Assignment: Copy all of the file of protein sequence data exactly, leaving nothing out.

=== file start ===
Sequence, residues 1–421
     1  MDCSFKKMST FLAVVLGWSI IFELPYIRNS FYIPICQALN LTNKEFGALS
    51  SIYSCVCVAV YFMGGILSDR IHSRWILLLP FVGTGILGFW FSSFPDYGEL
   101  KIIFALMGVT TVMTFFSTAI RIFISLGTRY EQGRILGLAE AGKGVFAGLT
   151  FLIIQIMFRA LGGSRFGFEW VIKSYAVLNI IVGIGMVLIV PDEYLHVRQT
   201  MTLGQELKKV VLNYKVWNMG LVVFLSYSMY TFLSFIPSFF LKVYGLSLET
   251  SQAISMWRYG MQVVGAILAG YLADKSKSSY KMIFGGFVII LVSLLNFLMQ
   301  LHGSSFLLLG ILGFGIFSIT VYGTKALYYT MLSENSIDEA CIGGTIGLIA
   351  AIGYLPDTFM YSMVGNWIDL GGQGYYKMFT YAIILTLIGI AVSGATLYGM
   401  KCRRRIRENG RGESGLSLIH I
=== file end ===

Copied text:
Sequence, residues 1–421
     1  MDCSFKKMST FLAVVLGWSI IFELPYIRNS FYIPICQALN LTNKEFGALS
    51  SIYSCVCVAV YFMGGILSDR IHSRWILLLP FVGTGILGFW FSSFPDYGEL
   101  KIIFALMGVT TVMTFFSTAI RIFISLGTRY EQGRILGLAE AGKGVFAGLT
   151  FLIIQIMFRA LGGSRFGFEW VIKSYAVLNI IVGIGMVLIV PDEYLHVRQT
   201  MTLGQELKKV VLNYKVWNMG LVVFLSYSMY TFLSFIPSFF LKVYGLSLET
   251  SQAISMWRYG MQVVGAILAG YLADKSKSSY KMIFGGFVII LVSLLNFLMQ
   301  LHGSSFLLLG ILGFGIFSIT VYGTKALYYT MLSENSIDEA CIGGTIGLIA
   351  AIGYLPDTFM YSMVGNWIDL GGQGYYKMFT YAIILTLIGI AVSGATLYGM
   401  KCRRRIRENG RGESGLSLIH I